Thursday, 29 May 2008

My long journey home

I thought it would be interesting to try to chart the journey that led me to becoming a Quaker.

I began to develop a faith of my own at an early age. I don't remember a time when I didn't believe in God.

I come from a staunchly Anglican (Church of England) family. I don't mean that we always attended at Easter and Christmas - I mean that we had, at one point, an unbroken 100-year record of service to the same church, concluding with my father as churchwarden and my sister and I as sidesmen (ushers taking care of the side aisles). Church was an important thing, and my father in particular had a very strong faith.

We attended a pretty Victorian church with stained glass windows and wooden pews, which still used the 1662 Book of Common Prayer and had a service of Sung Communion once a month. I didn't bother for long with Sunday School, but began to go straight into church with Dad.

Although we had a very erudite vicar, who used to give long sermons full of learned and abstruse theology, I loved being in the church. It made me feel comfortable, and the beauty and poetry of the seventeenth-century language in the prayer book and in the King James' Bible sank into me so deeply that I can still repeat parts verbatim now.

Of course, I didn't always understand what I was hearing back then, but I loved the music of the phrases!

When I was about 12, we got a new vicar who was the polar opposite of the old one. David Goddard was a bear of a man, an ex-rugby player with a shock of white hair and a love of bone-crunching hugs. He was one of the biggest influences on my life, and a wonderful man.

His sermons were lively and interesting, and he was particularly good with children. His love for God shone out of him, and the congregation grew rapidly as a result of his welcoming attitude. We began to use a more modern Bible translation for the lessons, and the new ASB modern prayer book. David also set up Bible study groups and prayer groups, which I joined with enthusiasm. I still miss the Sunday evening singsong in the Vicarage dining room.

Around this time (1973), I changed schools when my parents sent me to a local Catholic convent school. They wanted smaller class sizes than the state school could offer, as well as a single-sex intake. I was getting far too distracted by boys at my old school!

I was surprised at how little difference there was between the words spoken at an Anglican Communion service and at the Catholic Mass. I'd never really had anything to do with other denominations before, and this completely puzzled me. I also had a stand-up argument with the Headmistress, a rather formidable nun, because she told me that I was a heathen and was going to Hell unless I became a Catholic: 'Only we Catholics have the pearl of great price.'

At 14, while reading a Gospel account of the crucifixion from 'Good News for Modern Man' (later 'The Good News Bible'), I had a deep emotional reaction to the reality of how much God must love us, and became what I soon discovered was called 'born again'.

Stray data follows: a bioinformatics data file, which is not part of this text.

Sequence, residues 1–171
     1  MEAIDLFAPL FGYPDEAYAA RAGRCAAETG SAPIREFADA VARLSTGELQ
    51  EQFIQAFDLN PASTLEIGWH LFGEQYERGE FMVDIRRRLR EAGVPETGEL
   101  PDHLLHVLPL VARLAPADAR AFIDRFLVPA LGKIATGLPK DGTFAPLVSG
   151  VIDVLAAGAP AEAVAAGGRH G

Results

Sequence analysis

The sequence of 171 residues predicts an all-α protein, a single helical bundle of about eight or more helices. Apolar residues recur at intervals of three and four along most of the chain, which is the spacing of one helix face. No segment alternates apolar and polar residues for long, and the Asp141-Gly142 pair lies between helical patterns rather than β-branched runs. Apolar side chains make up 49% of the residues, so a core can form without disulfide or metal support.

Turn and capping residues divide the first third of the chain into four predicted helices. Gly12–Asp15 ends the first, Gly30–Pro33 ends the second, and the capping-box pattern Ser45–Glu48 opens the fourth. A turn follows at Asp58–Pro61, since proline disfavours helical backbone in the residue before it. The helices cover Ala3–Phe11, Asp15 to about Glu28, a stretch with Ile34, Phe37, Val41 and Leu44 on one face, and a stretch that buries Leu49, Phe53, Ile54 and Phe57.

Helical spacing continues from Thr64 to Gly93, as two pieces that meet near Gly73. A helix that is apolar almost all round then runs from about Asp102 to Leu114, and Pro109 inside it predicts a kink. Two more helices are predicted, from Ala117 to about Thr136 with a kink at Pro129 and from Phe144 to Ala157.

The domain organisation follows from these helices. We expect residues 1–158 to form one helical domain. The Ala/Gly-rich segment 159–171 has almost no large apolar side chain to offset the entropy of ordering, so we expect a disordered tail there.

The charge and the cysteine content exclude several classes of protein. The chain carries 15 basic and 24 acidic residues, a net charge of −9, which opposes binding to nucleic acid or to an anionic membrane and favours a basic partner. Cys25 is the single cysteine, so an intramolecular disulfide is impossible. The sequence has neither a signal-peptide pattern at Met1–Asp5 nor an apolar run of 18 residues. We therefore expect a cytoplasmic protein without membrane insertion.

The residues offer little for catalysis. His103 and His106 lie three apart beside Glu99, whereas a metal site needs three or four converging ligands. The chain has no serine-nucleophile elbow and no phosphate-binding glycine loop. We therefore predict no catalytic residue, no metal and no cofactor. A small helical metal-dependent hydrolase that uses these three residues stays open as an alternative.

I really was pretty obnoxious for the next few years. I had all the answers, and no one else knew anything. I even explained to my father, straight-faced, that he had to accept Jesus in his heart and be born again, or he would not enter Heaven. Luckily he was always very kind and understanding to all three of us children, and didn't laugh me out of the room! I can honestly say now that I have met few people less in need of 'conversion' than my father.

I felt guilty if I read anything other than Christian evangelical books, or listened to anything but Christian music. I was so relieved when Bob Dylan announced he was becoming a Christian, as it meant I could go back to listening to him without guilt!

I had it drummed into me by the books that I read that I had to start and end each day with a Bible study and a 'quiet time'. I kept 'shopping lists' of all the people and situations that I thought I should pray for, and would work my way diligently through them, telling God what I thought He should do.

Every book I read gave me more things to do, more people to pray for, more spiritual exercises to complete or things I should avoid. I worried incessantly that I was not a good witness, that I should pray in tongues, that I should memorise more Bible verses, that I should evangelise on street corners, or sneak out at night to convert the homeless. More than once I stayed awake for hours at night, praying for forgiveness for things I'd done in my past, repeating prayers and the words of hymns over and over again.

I joined the Christian Union at my sixth-form college, and at university, as well as two evangelical street theatre groups. Even at university, I spent hours studying the Bible and going through my prayer 'shopping lists', worrying because I had never converted anyone, or performed even a small miracle.

Finally, in my third year, I moved out of my college and into my fiance's house, which was quieter, so that I could concentrate on my studies more. As it turned out, I certainly got more time to study. I felt so guilty about moving in that I constantly argued with myself that it was against God's law for me to be there.

Eventually something in me seemed to snap, and I went from one extreme to the other, renouncing all my beliefs and claiming I was now an atheist. I refused to have anything to do with religion for the next 19 years.

That seems like a natural break point, and I'm exhausted, so - more next time.

1 comment:

Mary Anne said...

this was a fascinating account of your journey, Part 1. I hope you will continue with Part 2. I quite enjoyed reading your story.